Students, Alumni Push for More Discussion on Issues of Race and Ethnicity

Students left Nassau Hall after reaching an agreement with administrators on the evening of Nov. 19. (Mary Hui ’17)

Student demonstrators left Nassau Hall after reaching an agreement with administrators on the evening of Nov. 19. (Mary Hui ’17)

In the wake of the two-day sit-in at Nassau Hall last week by members of the Black Justice League, students, faculty, and alumni have publicly taken positions both for and against the group’s demands related to Princeton’s racial climate. At the same time, a group of Latino students has released a petition and report calling for greater support for and representation of the Latino community on campus.

Nearly 100 faculty members have signed a letter drafted by African American studies department faculty in support of the Black Justice League, urging campus-wide reflection on the issues brought to light. A student petition to counter the group’s demands has more than 1,300 signatures since Josh Zuckerman ’16 and Evan Draim ’16 launched it Thursday, while a similar alumni petition started by Darren Geist ’05 has 44 signatures.

A newly formed student group, Princeton Open Campus Coalition, also wrote an open letter Sunday to President Eisgruber ’83 opposing the Black Justice League’s tactics and requesting a more open campus discussion. “We are concerned mainly with the importance of preserving an intellectual culture in which all members of the Princeton community feel free to engage in civil discussion and to express their convictions without fear of being subjected to intimidation or abuse,” the letter reads.

Another petition has gained 540 signatures supporting the report “Latinx Students Calling for a Better Princeton,” which asks for greater campus representation academically and culturally (the group uses the non-gendered term Latinx to be “inclusive and supportive of all members of our community”).  The report notes that only 2 percent of full professors are Hispanic and finds a lack of cultural space and institutional support for Latino students. It requests that the University support and improve the experience of undocumented Princeton students.

In an email sent Sunday to students, alumni, and other members of the Princeton community over the weekend, Eisgruber acknowledged the concerns of underrepresented students, citing actions taken by both the Black Justice League and the Latinx community. He described upcoming initiatives to address these concerns, including the formation of a subcommittee of the trustees to re-examine Woodrow Wilson 1879’s legacy and his place on Princeton’s campus. Eisgruber stressed that the issues would be considered “through appropriate University processes – processes that allow for full and fair input from the entire University community.”

“Our students deserve better, and Princeton must do better,” he wrote.  “We must commit ourselves to make this University a place where students from all backgrounds feel respected and valued,” adding that hard work and good will are necessary to achieve further progress toward a diverse and inclusive community.  Continue reading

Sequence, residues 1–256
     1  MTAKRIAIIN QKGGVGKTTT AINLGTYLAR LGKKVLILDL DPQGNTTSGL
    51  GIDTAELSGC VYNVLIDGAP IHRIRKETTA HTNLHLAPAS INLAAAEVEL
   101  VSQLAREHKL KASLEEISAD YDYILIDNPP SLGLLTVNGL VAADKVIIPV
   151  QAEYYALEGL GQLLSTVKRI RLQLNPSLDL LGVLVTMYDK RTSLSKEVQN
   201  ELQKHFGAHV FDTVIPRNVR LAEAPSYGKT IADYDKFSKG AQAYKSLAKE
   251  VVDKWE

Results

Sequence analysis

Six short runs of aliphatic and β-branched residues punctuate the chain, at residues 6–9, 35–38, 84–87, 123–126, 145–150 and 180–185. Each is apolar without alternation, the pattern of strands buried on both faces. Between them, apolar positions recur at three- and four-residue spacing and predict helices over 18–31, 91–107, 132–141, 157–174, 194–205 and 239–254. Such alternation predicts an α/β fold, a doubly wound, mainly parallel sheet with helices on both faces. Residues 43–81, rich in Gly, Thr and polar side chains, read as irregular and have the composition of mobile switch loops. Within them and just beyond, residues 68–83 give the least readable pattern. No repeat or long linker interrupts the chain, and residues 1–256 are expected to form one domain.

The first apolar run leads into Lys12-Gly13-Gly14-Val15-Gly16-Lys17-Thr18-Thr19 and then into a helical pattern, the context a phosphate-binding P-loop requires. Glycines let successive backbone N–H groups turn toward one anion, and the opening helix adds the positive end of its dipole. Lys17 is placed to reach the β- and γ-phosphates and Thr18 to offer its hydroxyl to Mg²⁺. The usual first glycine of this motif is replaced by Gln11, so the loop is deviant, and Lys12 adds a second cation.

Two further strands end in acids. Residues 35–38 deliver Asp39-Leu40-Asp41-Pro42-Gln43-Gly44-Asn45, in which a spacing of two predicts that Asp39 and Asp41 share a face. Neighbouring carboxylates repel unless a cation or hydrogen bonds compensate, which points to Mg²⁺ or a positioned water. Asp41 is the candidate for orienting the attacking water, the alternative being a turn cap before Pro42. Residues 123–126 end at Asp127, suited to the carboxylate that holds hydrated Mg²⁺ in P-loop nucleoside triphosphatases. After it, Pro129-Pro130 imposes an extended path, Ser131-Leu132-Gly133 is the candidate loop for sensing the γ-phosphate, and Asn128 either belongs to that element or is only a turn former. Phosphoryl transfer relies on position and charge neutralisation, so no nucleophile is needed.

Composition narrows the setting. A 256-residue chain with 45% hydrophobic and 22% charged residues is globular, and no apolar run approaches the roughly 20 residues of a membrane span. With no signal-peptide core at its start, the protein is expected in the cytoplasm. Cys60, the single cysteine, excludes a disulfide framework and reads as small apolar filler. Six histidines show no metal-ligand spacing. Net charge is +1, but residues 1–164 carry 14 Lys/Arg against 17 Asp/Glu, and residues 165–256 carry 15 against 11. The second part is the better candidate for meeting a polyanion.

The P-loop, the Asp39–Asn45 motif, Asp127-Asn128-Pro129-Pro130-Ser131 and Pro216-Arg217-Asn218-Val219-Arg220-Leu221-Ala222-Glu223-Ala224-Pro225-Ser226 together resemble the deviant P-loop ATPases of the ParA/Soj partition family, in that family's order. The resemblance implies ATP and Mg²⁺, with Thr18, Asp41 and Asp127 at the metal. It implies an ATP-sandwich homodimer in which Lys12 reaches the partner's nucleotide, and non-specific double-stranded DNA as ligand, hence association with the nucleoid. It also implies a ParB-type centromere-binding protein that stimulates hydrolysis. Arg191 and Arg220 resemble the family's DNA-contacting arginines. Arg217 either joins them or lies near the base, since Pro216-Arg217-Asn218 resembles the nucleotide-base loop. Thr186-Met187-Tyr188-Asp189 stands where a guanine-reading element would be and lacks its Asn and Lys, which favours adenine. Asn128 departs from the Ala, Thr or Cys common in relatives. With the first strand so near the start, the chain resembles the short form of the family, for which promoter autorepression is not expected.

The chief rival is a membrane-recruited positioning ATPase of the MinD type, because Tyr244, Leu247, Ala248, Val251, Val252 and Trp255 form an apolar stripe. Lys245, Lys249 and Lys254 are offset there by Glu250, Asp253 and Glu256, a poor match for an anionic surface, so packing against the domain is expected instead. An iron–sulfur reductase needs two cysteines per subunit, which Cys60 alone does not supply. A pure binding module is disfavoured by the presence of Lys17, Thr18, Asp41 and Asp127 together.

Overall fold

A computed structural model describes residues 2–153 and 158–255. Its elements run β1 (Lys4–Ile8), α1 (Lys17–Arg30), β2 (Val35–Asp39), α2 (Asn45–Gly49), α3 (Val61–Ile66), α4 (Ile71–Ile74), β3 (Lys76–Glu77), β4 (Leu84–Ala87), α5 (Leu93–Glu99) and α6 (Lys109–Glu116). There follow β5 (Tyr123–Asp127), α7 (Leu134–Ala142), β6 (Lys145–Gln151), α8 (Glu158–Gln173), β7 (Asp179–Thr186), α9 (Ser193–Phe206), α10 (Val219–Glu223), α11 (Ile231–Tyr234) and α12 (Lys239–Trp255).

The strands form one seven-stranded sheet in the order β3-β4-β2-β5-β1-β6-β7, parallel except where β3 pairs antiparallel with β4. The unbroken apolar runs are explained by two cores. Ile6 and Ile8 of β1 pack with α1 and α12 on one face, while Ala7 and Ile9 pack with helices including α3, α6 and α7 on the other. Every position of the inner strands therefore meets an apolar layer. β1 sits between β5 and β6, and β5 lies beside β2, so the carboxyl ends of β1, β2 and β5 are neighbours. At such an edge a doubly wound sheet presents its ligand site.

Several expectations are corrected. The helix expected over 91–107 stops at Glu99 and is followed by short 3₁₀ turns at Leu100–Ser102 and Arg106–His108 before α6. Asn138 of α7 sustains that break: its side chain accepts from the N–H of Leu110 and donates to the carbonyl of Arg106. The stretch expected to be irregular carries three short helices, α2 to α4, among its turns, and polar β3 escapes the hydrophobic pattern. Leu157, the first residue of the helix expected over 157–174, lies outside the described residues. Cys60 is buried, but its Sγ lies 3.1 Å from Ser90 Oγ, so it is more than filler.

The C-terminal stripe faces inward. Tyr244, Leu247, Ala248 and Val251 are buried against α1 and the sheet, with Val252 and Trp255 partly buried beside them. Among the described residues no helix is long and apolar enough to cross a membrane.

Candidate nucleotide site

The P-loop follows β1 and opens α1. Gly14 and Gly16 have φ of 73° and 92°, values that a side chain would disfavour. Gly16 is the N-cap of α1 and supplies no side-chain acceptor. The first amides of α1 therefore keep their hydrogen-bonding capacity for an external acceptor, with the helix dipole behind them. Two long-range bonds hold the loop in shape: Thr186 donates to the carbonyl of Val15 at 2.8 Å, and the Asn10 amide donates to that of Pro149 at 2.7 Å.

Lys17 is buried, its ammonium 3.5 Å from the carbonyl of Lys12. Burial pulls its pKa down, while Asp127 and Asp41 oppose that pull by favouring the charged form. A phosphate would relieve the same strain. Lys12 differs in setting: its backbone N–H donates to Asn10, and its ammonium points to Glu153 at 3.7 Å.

PAW Goes to the Movies: Princeton Grad Students Review ‘The Ph.D. Movie 2’

From left, Daniel Vitek, Congling Qiu, Alta Fang, and Florian Sprung spoke with PAW’s Mark F. Bernstein ’83 about their impressions of Ph.D. Movie 2. (Frank Wojciechowski)

From left, Daniel Vitek, Congling Qiu, Alta Fang, and Florian Sprung spoke with PAW’s Mark F. Bernstein ’83 about their impressions of The Ph.D. Movie 2. (Frank Wojciechowski)

Unless you are or recently were a graduate student, you may not be familiar with “Piled Higher and Deeper,” Jorge Cham’s comic strip about the ups, downs, and absurdities of grad school life that commonly goes by the much more grad student friendly name, Ph.D. Comics. Think of it as “Dilbert” for the dissertation set. Cham’s strip, which originated when he was a graduate student at Stanford, has been running in student papers and on the Internet since 1997. In 2011, it spawned the first film version, The Ph.D. Movie, which the Chronicle of Higher Education called “hilarious.” This fall a sequel, The Ph.D. Movie 2, funded in large part by a Kickstarter campaign, has been shown at Princeton and other campuses around the world. As in the original, several of the actors in the film are actual Ph.D. students.

In another installment of our periodic feature PAW Goes to the Movies, senior writer Mark F. Bernstein ’83 attended The Ph.D. Movie 2 at Frist Theater, and then asked four current graduate students — Alta Fang (fourth year, mechanical engineering), Daniel Vitek (second year, mathematics), Congling Qiu (first year, mathematics), and Florian Sprung, a mathematics postdoc — whether the film held a mirror up to their real lives.

MFB:  I heard a lot of laughter during the movie, but I couldn’t tell if it was nervous or sincere. Did it hit home?

AF: I think there were many things that were quite realistic, for example when they had trouble scheduling meetings because the professors were so busy, and the students just having a lot of work.

FS: All the bad jokes in the film are like the ones you hear in graduate school — you know, “Are you writing something novel or writing a novel?” That sort of thing.

CQ: It was very similar to Chinese universities. I understood all the jokes, too.

MFB: Florian, you’re the only one here who has actually written a dissertation. Did the film bring back stressful memories? Continue reading

Princeton Men’s Basketball Holds Off Saint Peter’s in Return to Dillon Gym

Princeton beat Saint Peter’s in the first game at Dillon Gym since 1969. (Beverly Schaefer)

Princeton beat Saint Peter’s in the first game at Dillon Gym since 1969. (Beverly Schaefer)

Princeton men’s basketball took a lead in the opening seconds against Saint Peter’s Saturday night and kept the edge for the rest of the game’s 40 minutes. But while the Tigers never trailed, they also never pulled away, holding off a series of late charges by the Peacocks to win 75-72 in the first game at Dillon Gym since 1969.